no abduction pillow w/ THR
- 0Jan 4, '05 by mommynmaddieOne of our orthopedic doctors does not use abduction pillows with his post op total hip replacement patients. He uses a knee immobilizer on the affected leg. Have any of you experienced this? What are your thoughts on this?
- 0Jan 4, '05 by Harmony213I work on the orthopedic floor and I have never seen a THR with no abductor pillow... Only hip pinnings and arthoplastys and what not but not total hip replacements. What would the knee immobilizer do?? They can still use their knee, its just the hip that had the surgery! Does this doctor always do this? I find this very strange...
- 0Jan 4, '05 by mommynmaddieSounds weird huh? The doctor stated that he thinks the abd pillow is uncomfortable to his patients and that the knee immob serves his purpose without increased discomfort. I am guessing that since they are unable to bend that knee then it is harder to have >90degree angle at hip, but I would still believe that they could cross the surgical leg over the midline causing adduction and possibly hip dislocation.
- 0Jan 6, '05 by P_RN Senior ModeratorNot strange at all here. I think it was around the time press fit /no cement hips came out, maybe 1990 or so. Try this: Hold your knee stiff then try to flex your hip over 90 deg. Pretty difficult, no? Imagine you are 70 years old and just had surgery. Impossible. I only know of one doc around here who still used the abd wedge and I believe he's retired now.
edited to add:
Re dislocation. Depending on the type of incision and the way the hip was disarticulated, there may or may not be the potential there with the knee immobilizer. Nonetheless most patients will not be able to SLR enough to get the operative leg/hip past midline.Last edit by P_RN on Jan 6, '05
- 0Jan 6, '05 by VivaLasViejas, ASN, RN GuideI haven't seen an abduction pillow used in 2-3 years. Our surgeons stopped ordering them a while back---I don't really know the reason why they're no longer used, but we haven't had any increase in the number of dislocations, and I for one am glad we don't have to deal with them anymore. Most patients hated them, especially females who were brought up in an era when a lady was supposed to keep her legs together! They were hot, awkward, bulky, and confining, and I didn't blame patients for wanting to be rid of them.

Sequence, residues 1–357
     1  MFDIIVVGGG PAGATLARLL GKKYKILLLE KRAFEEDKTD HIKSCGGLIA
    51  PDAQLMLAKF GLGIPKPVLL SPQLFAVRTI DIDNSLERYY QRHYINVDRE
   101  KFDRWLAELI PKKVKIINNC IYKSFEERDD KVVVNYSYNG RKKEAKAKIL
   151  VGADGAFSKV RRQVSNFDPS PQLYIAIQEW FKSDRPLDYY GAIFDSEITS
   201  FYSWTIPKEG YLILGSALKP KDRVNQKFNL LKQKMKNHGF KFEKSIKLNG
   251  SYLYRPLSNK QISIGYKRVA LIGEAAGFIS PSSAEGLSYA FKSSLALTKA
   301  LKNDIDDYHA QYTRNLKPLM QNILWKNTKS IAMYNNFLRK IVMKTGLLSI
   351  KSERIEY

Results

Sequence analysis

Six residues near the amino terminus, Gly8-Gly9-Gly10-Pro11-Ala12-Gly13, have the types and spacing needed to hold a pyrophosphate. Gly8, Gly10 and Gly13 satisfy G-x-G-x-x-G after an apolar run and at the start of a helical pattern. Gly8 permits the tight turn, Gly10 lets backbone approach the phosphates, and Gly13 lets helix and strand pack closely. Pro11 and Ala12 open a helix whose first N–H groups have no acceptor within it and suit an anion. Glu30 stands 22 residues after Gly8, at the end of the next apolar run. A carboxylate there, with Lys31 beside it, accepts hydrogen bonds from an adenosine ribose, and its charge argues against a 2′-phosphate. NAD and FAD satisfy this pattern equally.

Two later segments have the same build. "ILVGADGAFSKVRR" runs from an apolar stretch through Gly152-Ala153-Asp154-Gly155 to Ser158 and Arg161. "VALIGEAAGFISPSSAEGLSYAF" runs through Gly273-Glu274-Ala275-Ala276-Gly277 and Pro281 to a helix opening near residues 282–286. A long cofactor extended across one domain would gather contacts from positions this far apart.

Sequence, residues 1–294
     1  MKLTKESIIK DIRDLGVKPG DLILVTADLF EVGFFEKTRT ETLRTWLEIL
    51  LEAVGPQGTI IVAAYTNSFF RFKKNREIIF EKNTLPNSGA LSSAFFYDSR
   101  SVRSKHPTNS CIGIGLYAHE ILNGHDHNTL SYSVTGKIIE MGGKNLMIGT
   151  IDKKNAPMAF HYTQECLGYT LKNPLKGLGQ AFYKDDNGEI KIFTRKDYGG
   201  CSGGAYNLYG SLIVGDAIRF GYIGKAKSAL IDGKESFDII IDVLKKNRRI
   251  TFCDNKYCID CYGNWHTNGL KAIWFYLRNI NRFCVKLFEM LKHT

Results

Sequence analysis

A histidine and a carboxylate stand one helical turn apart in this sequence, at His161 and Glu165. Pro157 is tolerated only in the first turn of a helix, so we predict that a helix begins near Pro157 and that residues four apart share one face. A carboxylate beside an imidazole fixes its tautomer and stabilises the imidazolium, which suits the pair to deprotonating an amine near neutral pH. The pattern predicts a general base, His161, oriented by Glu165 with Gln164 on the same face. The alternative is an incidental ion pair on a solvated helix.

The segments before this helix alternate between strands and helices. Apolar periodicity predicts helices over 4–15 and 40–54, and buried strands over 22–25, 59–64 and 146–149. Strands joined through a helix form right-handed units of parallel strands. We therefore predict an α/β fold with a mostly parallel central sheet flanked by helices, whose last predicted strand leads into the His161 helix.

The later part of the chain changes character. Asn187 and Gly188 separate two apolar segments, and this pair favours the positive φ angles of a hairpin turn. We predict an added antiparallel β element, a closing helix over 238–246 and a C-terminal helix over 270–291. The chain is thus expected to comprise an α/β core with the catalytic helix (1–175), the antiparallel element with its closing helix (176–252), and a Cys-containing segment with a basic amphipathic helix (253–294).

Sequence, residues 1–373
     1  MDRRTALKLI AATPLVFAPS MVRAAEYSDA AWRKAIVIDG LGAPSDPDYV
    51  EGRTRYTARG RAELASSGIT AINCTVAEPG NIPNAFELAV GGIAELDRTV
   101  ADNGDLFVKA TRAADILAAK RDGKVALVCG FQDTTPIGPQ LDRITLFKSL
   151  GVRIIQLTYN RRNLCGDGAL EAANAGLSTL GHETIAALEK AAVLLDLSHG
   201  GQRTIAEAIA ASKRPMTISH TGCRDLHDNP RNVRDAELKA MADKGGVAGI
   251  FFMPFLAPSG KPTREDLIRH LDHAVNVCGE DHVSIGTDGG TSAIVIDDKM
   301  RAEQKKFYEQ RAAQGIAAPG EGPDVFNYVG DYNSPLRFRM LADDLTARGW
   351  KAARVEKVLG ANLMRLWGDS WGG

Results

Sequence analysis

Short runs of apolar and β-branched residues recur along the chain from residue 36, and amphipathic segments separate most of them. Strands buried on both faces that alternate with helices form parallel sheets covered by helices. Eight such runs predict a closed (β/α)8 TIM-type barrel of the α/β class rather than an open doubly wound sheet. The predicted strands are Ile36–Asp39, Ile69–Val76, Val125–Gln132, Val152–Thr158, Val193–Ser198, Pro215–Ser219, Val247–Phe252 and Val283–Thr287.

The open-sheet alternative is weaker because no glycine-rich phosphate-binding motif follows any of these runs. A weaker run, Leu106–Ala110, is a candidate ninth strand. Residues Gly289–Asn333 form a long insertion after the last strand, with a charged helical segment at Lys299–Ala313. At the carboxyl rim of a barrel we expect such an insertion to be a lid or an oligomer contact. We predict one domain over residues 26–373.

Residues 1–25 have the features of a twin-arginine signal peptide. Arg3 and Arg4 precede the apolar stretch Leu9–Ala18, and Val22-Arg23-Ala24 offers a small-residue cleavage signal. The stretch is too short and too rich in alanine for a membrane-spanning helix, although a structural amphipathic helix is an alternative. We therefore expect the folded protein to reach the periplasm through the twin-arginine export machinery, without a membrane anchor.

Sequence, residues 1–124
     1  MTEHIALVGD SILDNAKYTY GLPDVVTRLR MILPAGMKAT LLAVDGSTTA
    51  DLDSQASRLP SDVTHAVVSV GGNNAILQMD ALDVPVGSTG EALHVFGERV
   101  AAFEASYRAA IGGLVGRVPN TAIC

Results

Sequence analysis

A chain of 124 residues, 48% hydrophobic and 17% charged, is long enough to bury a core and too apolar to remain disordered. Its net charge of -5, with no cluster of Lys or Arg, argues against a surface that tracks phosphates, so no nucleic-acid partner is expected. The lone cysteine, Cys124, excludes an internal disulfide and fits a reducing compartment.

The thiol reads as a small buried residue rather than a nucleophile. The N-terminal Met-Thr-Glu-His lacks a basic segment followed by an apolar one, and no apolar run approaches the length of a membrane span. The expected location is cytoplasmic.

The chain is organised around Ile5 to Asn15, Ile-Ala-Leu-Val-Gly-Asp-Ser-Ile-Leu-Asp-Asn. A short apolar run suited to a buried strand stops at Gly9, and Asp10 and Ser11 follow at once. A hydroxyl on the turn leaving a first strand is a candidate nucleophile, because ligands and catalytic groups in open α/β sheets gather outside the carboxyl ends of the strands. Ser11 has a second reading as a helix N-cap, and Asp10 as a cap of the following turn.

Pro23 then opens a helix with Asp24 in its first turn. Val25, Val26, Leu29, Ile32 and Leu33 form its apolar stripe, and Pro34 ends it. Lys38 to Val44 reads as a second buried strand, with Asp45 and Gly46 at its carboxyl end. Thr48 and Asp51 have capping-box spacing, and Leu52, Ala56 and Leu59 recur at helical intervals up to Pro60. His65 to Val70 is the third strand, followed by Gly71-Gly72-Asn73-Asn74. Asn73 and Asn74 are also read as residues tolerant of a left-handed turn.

- 0Jan 7, '05 by jaimealmostRNIf I remember my ortho correctly, there are 2 approaches to a THR, anterior and posterior. And I think with the pos. you typically use an abduction pillow, but with ant. you are not suppose to. But I recall seeing some pts with them and some without who had the pos. aproach...But I think P_RN's response is right on...they decrease mobility.
- 0Jan 10, '05 by kiwidebwhat is an abduction pillow? we just use an ordinary pillow to lay between the patients legs while in bed and while swivelling around i.e. to get out of bed.... was wondering if this is what you mean when talking bout the abduction pillow, tho it almost sounds as if it's some special device that's strapped on or something!?
interesting all the same, it probably means that in a few more years (when we catch up) we'll probably be using knee immobilisers too